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Thursday, 30 August 2001
Page: 30619

Mr McARTHUR (10:11 AM) —My remarks on the Royal Commissions and Other Legislation Amendment Bill 2001 were interrupted last night, and I note from the Hansard record that I had particularly strong support from the Prime Minister in relation to the industrial relations matters which the shadow minister raised during this debate on the establishment of royal commissions. I note the Prime Minister's particular interest in industrial relations and record my pleasure from his visit to the Alcoa plant in Geelong, where the Prime Minister looked at the particularly forward looking management, which had put in place annualised salaries of their work force and which had divided the work force into working groups. The plant, even though it is an older plant, is now operating at very efficient levels.

While the Prime Minister was particularly impressed with that operation in Geelong, the building industry has a different position, which the shadow minister alluded to in his remarks. In Geelong the building industry is running riot, buildings are not being completed on time, there is coercion and intimidation of management on various sites, there is a Geelong agreement where particular local rules apply and, generally speaking, it is very difficult for anyone in the construction industry in Geelong to achieve their targets in getting a building constructed on budget and on time—so much so that some of the local building contractors have gone broke in recent times. One well-known builder owes creditors up to $7 million, and it would be fair to say that the aggressive attitude of union members in the local area would be a factor involved in that.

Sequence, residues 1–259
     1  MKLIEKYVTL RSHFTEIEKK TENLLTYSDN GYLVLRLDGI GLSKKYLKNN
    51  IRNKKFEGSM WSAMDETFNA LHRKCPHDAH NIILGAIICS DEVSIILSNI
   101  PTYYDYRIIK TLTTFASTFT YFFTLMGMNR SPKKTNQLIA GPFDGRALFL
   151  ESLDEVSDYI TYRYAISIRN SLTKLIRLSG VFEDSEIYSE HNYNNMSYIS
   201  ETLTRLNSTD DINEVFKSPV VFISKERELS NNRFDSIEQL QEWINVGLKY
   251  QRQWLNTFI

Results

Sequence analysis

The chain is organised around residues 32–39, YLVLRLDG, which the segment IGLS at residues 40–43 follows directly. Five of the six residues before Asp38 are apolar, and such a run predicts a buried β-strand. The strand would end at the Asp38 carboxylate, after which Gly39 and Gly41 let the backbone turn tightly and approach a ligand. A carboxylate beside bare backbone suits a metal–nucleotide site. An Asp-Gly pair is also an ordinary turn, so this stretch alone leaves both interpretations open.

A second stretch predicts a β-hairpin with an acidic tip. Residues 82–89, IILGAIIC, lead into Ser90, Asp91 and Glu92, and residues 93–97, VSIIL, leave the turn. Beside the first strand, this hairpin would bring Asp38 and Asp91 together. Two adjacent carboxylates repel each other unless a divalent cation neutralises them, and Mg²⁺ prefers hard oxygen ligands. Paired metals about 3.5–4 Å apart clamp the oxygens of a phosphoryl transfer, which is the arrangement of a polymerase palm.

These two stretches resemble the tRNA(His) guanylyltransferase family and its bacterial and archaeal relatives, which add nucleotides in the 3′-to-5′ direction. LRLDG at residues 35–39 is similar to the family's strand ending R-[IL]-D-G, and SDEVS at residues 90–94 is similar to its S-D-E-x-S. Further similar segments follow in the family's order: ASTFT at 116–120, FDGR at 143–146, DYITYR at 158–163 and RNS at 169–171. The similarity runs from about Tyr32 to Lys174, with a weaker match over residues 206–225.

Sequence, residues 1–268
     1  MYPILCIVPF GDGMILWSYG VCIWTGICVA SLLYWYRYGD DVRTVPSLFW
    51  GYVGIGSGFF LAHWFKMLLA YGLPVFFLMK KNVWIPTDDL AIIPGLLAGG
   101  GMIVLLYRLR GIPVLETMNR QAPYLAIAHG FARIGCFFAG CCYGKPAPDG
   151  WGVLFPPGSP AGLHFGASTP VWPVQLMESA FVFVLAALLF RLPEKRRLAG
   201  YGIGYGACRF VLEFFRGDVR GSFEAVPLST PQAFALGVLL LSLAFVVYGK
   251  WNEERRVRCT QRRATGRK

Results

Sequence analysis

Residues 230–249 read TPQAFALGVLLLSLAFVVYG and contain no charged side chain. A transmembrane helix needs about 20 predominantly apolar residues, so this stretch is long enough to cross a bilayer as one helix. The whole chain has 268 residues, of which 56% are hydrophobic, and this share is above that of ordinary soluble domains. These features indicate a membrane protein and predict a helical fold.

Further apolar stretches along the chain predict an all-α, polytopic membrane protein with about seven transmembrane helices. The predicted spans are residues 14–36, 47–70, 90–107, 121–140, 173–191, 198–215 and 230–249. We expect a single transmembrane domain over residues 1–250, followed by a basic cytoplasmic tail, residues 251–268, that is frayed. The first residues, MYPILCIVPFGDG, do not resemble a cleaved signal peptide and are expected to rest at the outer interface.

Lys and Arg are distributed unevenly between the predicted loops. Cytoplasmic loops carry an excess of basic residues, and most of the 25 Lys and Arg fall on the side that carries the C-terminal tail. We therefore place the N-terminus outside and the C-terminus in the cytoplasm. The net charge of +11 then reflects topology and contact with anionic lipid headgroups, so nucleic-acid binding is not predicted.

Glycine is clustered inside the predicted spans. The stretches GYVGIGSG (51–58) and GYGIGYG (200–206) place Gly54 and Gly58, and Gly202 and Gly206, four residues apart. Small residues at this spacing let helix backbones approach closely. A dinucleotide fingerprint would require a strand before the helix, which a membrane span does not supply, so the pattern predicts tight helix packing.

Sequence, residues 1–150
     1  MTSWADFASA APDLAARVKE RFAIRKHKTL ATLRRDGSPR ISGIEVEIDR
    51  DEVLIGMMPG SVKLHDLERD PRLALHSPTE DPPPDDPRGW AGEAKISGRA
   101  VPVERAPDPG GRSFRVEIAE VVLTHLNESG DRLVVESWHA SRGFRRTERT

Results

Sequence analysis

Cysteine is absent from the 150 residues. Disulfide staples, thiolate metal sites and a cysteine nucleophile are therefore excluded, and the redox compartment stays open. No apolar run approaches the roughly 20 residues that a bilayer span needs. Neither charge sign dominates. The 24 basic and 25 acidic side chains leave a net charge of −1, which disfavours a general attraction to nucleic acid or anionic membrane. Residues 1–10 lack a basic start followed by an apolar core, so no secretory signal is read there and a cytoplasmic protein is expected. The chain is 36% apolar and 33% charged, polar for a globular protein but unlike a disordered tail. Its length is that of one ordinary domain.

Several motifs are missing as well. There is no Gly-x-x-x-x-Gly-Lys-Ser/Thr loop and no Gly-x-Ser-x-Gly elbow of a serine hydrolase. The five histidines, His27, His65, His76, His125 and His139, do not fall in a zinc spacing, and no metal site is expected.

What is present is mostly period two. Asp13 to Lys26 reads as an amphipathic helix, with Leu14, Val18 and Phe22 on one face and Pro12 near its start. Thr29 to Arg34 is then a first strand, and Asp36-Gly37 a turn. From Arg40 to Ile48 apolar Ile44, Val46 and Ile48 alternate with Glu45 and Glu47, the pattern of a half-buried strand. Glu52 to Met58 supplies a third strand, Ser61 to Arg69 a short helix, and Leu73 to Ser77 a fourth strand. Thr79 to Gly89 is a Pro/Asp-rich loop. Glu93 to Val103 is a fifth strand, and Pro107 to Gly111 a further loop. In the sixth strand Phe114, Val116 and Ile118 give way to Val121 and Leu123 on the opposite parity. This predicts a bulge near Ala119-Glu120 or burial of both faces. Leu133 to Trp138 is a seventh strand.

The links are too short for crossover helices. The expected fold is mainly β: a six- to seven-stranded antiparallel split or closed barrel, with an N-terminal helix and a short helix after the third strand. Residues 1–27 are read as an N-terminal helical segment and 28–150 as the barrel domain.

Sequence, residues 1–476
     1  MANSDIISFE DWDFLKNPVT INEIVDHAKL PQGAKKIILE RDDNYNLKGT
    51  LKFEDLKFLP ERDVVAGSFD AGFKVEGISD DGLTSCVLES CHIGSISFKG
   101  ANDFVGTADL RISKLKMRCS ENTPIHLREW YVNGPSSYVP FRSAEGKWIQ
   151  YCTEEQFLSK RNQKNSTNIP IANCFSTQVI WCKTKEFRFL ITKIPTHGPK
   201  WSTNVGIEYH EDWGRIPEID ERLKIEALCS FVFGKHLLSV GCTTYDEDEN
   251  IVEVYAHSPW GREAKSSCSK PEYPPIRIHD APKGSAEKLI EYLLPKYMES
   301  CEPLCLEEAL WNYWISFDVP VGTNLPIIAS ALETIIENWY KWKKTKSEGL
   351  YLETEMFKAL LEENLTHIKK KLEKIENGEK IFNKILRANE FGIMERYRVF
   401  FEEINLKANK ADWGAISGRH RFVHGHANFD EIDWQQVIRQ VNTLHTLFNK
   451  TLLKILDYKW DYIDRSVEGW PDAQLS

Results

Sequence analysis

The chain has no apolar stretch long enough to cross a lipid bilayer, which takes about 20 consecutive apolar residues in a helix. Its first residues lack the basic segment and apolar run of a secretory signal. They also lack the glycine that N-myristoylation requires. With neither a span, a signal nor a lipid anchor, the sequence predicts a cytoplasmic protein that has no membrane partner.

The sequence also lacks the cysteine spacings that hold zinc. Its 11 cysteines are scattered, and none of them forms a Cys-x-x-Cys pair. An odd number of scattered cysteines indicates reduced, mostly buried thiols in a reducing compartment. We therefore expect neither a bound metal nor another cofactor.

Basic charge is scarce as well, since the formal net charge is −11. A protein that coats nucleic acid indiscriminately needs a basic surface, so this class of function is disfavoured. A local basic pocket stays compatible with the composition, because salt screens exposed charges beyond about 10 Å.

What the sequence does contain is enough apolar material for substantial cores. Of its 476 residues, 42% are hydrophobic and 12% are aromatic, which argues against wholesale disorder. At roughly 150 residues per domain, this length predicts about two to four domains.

Two royal commissions have now been appointed, and the bill before the House is to allow these royal commissions to reach a genuine conclusion, unfettered by restrictions of the exchange of information. As I said last night, a royal commission will be held into the HIH debacle in the insurance industry and also ASIC will be investigating the operations of HIH in terms of the directors' responsibilities and in terms of their ability to comply with the Corporations Law. We have the unusual situation, as you would understand, Mr Deputy Speaker, of having a royal commission and of having ASIC look at the aspects of commercial law.